The village is in front of the Hakenberg peaks, with the church of St Martin left of the centre. Schwyz lies east of Lake Lucerne and is the capital of the eponymous canton, which, in German, gave its name to Switzerland (Germ. Schweiz) as a whole. Schwyz is one of the three original cantons of the Old Swiss Confederation. It is first documented in AD 972 as Suittes: two Alemannic brothers named Suit and Sven are supposed to have settled here. Due to the route over the Gotthard, Schwyz soon acquired greater importance and, in 1240, was made directly subordinate to the Emperor. The village square, with its church and town hall, is today considered one of the loveliest in Switzerland.

UNTERWALDEN

Unterwalden, a free village allied with Schwyz and Uri in 1315, is surrounded by the high Alps as if by a wall and possesses fertile grazing pastures for cattle, which bring the people of Unterwalden great wealth. Unterwalden is a mountain canton comprising Obwalden and Niderwalden, independent half cantons with full rights. In 1291, Niderwalden formed the pact with Uri and Schwyz on the Rütli meadow, followed soon by Obwalden.

ZUG

BRAUN: "Zug is the name of the town and the entire area bordering on Schwyz to the north and lying on Lacus Tuginus, or Lake Zug."

Among the medieval centre's important buildings, with its old towers and manors, are the late Gothic St Oswald's church (top right) and the town hall (bottom centre), beside which is the Zytturm tower, Zug's landmark. The Counts of Kyburg founded the town at the start of the 13th century. In 1352, the Confederates conquered it and forced it to join the alliance.

GLARUS

BRAUN: "Glarus, in Latin Glarona, allied itself with the other Swiss in 1352. The inhabitants live from milk, cheese, butter and meat. The lakes provide them with fish, the forested mountains with birds and other game."

The engraving shows a somewhat characterless, unfortified village with gabled houses in front of Vorderglärnisch Mountain. Glarus is the capital of the eponymous canton in eastern Switzerland, which formed a pact with the Old Swiss Confederation in 1352 and became a full member in 1473. The famous 1570 map of Switzerland by Aegidius Tschudi is housed in the Glarus archives.

BASLE (BASEL)

BRAUN: "The splendid city of Basle arose like the phoenix out of the ashes of the destroyed Roman city of Augusta Raurica and lies on both banks of the Rhine. The part on the Gallic side is called Greater Basle, the old episcopal city; the other, on the German side, is called Lesser Basle; a bridge over the Rhine links them. [...] Pope Pius II founded its renowned university."

The name Basilea is first mentioned in AD 374. Basle was recorded as a bishopric in 740. In 1356, one of the most significant earthquakes north of the Alps destroyed most of the city; a disastrous fire also broke out. In 1460, Pope Pius II endowed the University of Basle, the oldest university in Switzerland. This attracted many scholars and humanists (Erasmus of Rotterdam, Hans Holbein the Younger, Paracelsus), and Basle became a centre of printing and publishing (Froben). In 1471, Emperor Friedrich III granted Basle the right to hold fairs. After the Swabian War against Emperor Maximilian I in 1499, Basle became independent from the Empire, joining the Old Swiss Confederation with Schaffhausen in 1501. In 1529, the city accepted the reformed faith, and the bishop had to leave the city. Around 1600, Basle had about 12,000 inhabitants, but between 1550 and 1611, there were several outbreaks of the plague, and a third of the population died.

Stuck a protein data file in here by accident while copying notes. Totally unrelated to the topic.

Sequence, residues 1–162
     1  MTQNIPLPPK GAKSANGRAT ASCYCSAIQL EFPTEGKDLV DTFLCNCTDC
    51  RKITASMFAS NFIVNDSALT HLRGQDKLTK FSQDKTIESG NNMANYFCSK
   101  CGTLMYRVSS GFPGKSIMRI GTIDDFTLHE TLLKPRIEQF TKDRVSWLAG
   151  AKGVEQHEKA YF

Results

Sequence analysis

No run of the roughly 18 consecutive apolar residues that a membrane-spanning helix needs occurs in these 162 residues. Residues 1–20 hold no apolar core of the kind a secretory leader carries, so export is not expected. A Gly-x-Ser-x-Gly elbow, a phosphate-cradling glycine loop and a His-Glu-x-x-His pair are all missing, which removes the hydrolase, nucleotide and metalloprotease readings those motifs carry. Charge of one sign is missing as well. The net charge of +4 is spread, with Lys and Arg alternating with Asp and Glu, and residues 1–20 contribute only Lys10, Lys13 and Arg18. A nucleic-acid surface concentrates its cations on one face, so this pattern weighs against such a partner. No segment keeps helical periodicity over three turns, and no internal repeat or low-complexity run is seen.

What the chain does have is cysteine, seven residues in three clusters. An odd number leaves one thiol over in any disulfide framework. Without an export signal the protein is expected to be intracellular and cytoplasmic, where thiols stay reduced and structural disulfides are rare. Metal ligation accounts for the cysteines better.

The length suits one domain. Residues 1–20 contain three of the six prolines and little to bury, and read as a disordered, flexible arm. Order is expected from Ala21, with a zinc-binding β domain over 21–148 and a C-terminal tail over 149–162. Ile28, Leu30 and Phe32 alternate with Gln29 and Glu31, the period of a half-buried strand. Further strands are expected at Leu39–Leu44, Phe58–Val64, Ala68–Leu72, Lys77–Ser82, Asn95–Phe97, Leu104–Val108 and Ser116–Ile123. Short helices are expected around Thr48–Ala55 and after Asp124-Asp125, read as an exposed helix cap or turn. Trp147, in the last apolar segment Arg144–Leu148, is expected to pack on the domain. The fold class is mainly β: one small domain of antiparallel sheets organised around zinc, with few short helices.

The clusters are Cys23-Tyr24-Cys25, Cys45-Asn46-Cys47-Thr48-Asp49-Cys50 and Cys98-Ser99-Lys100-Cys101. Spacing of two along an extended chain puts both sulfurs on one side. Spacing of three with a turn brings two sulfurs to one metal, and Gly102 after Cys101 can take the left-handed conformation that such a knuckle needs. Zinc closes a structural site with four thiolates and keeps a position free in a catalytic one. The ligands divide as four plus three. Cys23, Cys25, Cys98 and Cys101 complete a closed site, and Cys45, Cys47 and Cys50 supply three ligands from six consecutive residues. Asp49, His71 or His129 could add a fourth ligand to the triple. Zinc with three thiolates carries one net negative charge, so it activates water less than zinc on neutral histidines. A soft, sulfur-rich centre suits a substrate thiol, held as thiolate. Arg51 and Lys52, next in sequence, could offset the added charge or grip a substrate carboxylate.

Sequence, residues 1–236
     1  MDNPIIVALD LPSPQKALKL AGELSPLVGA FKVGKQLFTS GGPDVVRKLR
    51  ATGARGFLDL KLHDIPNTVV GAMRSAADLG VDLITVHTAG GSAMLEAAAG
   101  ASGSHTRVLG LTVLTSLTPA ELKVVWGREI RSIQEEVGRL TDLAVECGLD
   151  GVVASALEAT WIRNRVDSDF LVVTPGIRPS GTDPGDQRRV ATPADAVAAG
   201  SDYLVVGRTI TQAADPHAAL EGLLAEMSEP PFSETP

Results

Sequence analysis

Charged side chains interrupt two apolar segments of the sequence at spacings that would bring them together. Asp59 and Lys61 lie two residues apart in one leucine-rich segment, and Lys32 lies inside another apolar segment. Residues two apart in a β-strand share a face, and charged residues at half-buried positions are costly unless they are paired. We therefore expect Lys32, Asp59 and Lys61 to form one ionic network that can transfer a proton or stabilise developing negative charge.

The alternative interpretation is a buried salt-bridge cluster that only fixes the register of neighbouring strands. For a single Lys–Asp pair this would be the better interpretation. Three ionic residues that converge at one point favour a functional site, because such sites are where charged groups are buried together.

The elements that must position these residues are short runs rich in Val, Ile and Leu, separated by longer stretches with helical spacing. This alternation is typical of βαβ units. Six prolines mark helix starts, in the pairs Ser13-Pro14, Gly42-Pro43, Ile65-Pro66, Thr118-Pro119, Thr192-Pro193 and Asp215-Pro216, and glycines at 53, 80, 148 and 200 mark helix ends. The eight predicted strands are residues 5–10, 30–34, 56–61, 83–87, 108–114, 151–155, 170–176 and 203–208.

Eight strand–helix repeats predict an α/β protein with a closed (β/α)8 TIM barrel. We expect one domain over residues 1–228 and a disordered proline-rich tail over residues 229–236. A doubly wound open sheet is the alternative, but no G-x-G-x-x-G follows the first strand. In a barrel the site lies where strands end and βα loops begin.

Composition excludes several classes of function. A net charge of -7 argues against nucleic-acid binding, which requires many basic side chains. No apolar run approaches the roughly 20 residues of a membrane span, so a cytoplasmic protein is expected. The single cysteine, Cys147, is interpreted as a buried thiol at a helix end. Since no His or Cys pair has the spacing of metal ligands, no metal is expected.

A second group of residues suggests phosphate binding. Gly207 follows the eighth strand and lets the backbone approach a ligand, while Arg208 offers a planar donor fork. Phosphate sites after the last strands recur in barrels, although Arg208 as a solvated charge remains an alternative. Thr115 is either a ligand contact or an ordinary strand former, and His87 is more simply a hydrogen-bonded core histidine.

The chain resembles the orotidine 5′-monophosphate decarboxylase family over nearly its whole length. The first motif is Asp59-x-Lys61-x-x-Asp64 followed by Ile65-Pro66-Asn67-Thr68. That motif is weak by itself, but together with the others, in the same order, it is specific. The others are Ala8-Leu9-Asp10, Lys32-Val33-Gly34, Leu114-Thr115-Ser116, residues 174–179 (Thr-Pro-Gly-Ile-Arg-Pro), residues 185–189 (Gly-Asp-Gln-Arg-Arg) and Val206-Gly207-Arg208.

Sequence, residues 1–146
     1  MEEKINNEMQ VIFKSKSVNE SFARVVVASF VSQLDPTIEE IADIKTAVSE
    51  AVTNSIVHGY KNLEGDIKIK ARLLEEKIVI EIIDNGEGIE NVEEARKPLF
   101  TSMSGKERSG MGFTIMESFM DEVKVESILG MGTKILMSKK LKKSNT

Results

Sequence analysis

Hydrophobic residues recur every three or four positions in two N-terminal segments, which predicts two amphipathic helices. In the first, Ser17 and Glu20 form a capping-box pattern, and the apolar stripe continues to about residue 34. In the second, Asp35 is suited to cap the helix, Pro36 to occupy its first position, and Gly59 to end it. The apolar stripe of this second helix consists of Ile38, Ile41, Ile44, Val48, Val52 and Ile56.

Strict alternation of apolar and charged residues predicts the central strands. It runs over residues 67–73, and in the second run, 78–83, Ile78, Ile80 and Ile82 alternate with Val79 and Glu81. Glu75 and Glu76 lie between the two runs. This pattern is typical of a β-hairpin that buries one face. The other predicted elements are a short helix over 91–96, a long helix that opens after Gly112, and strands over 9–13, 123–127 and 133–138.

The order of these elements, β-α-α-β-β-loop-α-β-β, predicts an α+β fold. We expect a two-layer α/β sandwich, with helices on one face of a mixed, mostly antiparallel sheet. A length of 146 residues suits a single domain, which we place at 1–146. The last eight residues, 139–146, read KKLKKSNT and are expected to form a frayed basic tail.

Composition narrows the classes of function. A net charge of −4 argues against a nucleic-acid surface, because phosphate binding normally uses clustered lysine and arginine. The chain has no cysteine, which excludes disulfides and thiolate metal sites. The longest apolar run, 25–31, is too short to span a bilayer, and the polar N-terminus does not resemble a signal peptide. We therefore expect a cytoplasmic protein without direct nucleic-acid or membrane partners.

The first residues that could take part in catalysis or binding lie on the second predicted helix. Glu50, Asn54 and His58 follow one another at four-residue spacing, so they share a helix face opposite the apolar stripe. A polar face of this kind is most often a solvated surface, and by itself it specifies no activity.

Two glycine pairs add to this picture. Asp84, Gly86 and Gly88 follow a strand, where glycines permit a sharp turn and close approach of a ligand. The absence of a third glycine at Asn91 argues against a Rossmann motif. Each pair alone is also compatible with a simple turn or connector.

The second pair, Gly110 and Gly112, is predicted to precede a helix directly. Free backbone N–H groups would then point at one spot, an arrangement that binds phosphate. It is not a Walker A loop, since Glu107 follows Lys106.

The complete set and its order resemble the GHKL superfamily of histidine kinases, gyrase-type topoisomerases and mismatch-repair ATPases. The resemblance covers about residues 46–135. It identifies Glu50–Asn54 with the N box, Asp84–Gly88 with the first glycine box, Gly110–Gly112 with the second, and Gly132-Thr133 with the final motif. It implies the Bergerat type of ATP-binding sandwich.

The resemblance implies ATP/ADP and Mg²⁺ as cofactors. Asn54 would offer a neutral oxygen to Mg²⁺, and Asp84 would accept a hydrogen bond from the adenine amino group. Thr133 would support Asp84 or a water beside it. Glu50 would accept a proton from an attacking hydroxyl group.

ZÜRICH

BRAUN: "Zurich is an ancient settlement on a favourable site at the outflow of the large lake, at whose end the River Limmat, which flows into the lake not far from Glarus, branches off. [...] The city holds a big corn market every week [...]. The city obtains plenty of fish from Lake Zurich."

BERNE (BERN)

BRAUN: "Berthold V. Duke of Zähringen built Berne and took its name from the first bear caught here. It lies on a peninsula within the navigable Aare. Fertile fields surround it, but it does not produce its wine. It possesses three dead-straight roads leading through the city from east to west."

View from the north, looking across the River Aare, which runs around three sides of the city. On the left is the Untertorbrücke, the city's oldest bridge. In front of the river bend, near where the bridge reaches the town, is the Nydeggkirche, followed in the centre by the late Gothic St Vincent's minster and, to its right, the church of SS Peter and Paul. To the west, at the end of the long central street lined with houses, is the Zeitglockenturm, a clock tower that is part of the first city wall and still stands today. Further west lies the second outer wall built following the city's westward expansion (after 1250). Berne joined the Confederation in 1353, bringing the number of members to eight (the Eight Places).

LUCERNE (LUZERN)

BRAUN: "Lucerne arose out of a monastery and gradually grew into a town; it takes the name from the lighthouse that stands on a bridge on the lake and in which, in the old days, a fire was lit to show the boatmen the right way."

Lucerne, the capital of the eponymous canton, lies in central Switzerland on the northwest end of Lake Lucerne, at the outflow of the Reuss, which divides the city into the Old Town and the New Town. The two halves were linked by the Spreuerbrücke (left) and the Kapellbrücke (right), with the water tower halfway along. In front of the middle bridge is the Gothic Franciscan church. The Old Town lies on the far side of the river. The nine towers on the hillside form part of the Musegg rampart, which still runs for over 800 m today. In 1332, Lucerne entered into a perpetual league with the three original cantons of the Old Swiss Confederation. The council and citizens rejected the Reformation, and Lucerne became a centre of Catholic Switzerland.